It was after President Trump’s statements about Sweden, based on a report from Fox News, the debate about the country started to kick off in the United States. Sweden was described as “a nation plagued by crime and rape, in large part due to immigration”. Nils Bildt, interviewed in Bill O’Reilly’s show, confirmed Trump’s negative statements, where he among other things said that Swedish politicians ”has absolutely no systematic plan for integrating mass amounts of immigrants to become productive members of society” and that ”There is a problem with crime, there is a problem with areas or hotpost of crime, be it in Malmö, Gothenburg and Stockholm or the suburbs thereof and these things are not openly discussed” as well as that ”The Swedish political debate is completely false. If you don’t agree with the liberal, common agenda you are viewed as an outsider and not taken seriously.”

The Swedish Defence Ministry said no one of the name Nils Bildt works there, and that nobody there knows who he is. Nils Bildt’s answer to this?

”I appeared on Bill O’Reilly’s show on Fox News. The title was chosen by Fox News’s editor – I had no personal control over what title they chose. I am an independent analyst based in the USA”, he wrote in an email to DN. He also said he is unaware of the crime allegations and therefore cannot comment on that. Fox News further gave their view on the issue in another email to DN, where the producer of the network’s news show The O’Reilly Factor, David Tabacoff, states that David Tabacoff, says: ”Our booker made numerous inquiries and spoke to people who recommended Nils Bildt and after pre-interviewing him and reviewing his bio, we agreed that he would make a good guest for the topic that evening.”[3]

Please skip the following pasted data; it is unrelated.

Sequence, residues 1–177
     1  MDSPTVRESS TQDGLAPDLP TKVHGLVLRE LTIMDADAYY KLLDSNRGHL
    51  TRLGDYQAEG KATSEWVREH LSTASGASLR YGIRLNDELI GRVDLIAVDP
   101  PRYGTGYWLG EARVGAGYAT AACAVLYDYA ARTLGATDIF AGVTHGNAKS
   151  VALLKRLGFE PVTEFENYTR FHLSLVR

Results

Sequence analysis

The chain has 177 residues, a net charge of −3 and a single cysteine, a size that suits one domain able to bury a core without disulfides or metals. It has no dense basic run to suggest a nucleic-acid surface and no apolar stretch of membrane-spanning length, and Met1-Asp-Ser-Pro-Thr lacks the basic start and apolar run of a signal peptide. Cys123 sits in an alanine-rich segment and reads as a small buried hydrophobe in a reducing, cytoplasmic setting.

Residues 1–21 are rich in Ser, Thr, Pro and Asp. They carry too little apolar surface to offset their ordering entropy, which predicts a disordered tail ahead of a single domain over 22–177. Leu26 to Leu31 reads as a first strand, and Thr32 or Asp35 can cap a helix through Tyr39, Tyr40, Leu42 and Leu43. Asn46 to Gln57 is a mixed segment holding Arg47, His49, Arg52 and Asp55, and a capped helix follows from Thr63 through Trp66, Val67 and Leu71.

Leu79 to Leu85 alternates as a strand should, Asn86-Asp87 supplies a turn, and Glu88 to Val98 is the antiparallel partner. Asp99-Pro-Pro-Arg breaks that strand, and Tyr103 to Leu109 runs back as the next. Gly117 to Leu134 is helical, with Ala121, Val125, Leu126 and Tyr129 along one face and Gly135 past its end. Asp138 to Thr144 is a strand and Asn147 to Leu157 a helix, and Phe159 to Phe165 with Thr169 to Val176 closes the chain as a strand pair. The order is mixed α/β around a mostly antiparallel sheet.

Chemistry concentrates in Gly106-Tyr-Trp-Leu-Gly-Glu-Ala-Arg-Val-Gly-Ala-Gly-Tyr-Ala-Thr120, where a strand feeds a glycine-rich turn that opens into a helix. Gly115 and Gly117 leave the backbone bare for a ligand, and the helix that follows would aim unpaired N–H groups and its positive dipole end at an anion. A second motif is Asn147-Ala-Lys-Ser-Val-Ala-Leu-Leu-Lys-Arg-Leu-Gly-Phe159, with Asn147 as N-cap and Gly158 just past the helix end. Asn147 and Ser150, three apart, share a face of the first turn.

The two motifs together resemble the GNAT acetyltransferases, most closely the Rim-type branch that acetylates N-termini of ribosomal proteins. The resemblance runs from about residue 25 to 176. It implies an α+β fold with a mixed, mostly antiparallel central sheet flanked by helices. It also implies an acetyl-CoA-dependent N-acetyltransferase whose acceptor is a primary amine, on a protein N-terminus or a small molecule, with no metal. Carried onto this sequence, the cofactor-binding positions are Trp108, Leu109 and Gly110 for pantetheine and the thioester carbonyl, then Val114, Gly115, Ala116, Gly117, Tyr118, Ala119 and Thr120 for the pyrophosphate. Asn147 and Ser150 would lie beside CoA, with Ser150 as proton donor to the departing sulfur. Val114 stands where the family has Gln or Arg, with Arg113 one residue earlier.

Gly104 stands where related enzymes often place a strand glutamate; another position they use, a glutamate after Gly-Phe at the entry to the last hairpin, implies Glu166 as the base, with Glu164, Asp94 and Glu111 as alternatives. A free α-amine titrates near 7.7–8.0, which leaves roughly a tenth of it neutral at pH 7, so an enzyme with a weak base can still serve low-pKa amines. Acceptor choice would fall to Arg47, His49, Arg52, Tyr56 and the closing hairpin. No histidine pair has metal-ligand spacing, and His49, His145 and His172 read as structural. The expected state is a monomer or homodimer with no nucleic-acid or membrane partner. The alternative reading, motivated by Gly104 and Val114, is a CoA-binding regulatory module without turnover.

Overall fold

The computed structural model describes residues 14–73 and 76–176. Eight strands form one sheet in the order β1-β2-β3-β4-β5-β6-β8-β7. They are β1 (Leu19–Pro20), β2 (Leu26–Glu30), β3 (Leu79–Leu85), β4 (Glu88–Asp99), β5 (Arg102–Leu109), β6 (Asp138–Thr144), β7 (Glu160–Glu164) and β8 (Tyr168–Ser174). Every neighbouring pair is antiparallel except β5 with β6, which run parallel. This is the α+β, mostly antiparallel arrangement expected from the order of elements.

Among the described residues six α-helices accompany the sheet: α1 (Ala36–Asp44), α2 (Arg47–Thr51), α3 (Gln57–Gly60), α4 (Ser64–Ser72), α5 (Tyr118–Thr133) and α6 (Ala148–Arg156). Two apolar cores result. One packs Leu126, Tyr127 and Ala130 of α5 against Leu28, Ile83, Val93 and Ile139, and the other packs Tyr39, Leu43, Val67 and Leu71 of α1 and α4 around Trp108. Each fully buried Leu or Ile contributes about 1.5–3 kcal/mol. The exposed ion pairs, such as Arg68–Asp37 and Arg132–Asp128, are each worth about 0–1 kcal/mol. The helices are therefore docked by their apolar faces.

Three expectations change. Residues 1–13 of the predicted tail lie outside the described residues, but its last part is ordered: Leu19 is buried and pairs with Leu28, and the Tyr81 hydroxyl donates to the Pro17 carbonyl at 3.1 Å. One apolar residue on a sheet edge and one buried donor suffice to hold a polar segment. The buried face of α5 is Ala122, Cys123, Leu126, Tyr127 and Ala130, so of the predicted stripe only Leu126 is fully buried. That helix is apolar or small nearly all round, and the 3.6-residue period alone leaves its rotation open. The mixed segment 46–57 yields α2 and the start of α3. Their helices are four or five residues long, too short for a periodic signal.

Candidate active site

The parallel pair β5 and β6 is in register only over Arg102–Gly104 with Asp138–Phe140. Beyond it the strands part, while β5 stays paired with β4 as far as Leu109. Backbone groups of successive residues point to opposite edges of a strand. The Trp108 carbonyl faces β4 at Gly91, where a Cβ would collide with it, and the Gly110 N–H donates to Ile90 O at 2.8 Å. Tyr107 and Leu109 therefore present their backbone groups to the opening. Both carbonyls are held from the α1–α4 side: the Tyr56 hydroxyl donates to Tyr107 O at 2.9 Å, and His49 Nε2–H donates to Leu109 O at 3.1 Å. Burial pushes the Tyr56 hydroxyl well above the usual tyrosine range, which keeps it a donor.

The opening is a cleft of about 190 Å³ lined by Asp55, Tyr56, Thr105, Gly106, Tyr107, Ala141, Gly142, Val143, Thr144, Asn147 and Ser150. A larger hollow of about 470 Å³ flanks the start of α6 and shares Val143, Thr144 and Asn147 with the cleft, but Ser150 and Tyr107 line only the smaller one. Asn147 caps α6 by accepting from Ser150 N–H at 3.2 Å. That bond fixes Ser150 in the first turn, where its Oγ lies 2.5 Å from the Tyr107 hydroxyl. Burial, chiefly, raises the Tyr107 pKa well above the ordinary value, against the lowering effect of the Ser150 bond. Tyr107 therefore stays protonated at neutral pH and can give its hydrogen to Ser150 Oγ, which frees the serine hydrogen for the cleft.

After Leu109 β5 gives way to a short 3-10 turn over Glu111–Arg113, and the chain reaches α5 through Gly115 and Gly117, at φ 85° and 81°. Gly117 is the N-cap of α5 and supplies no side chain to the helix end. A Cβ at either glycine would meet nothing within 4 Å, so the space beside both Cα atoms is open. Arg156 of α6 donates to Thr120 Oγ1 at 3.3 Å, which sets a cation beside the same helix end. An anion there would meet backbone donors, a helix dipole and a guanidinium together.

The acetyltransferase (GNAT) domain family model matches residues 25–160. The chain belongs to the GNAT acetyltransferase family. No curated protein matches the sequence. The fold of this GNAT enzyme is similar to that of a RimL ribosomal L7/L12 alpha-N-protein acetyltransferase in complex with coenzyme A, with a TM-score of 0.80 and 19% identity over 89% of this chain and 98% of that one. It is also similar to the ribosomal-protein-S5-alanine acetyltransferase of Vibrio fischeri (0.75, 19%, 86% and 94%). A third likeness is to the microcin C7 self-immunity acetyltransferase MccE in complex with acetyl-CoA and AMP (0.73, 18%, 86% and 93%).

Sites with fake news that reaches a large audience, not seldom containing Islam hostile content, have created a debate, especially after the presidential election in November. Many of the sites run entirely by commercial reasons, many from Macedonia, where young people see them as an easy way to earn money on clicks and ads.

Another example is the site Donald Trump News. On October 29 last year, it spread false information that Sweden would have banned Christmas lights in the streets not to offend Muslim refugees. In fact, it was the Swedish Transport Administration that had decided that the decorations would not get to hang from the lampposts, for completely different reasons. There was no such thing as a ban against Christmas lights. After the US election, several of the Internet’s giants, such as Google, promised to do what they could to stop the funding to fake sites, this by throwing them out of their ad networks. In late January, the company released a report in which they described how in 2016 revised the rules and clearly begun to “act against the site owners scrambling who they are or misleads readers by their content”. They state that in November and December 2016 closed 200 accounts because of corrupted content.

Though, getting money for creating fake sites and spreading fake news is still a problem.[4]

Can this phenomenon be viewed as digital activism? If you look to Leah A. Lievrouw’s definintion, it somehow suits. In her definition, alternative and activist new media “employ or modify the communication artifacts, practices, and social arrangements of new information and communication technologies to challenge or alter dominant, expected, or accepted ways of doing society, culture and politics.”[5]

Is it that fake news is activist in that sense that it challenges traditional journalism, making use of the technology offered? Making your news feed selective, choosing what kind of news and what kind of media sources you want to see and read is fully possible online. In the same way I choose to “unfriend” people who share racist material on Facebook, there are of course people who work from the other way, finding and sharing racist “information” in terms of news, fake or not, and articles.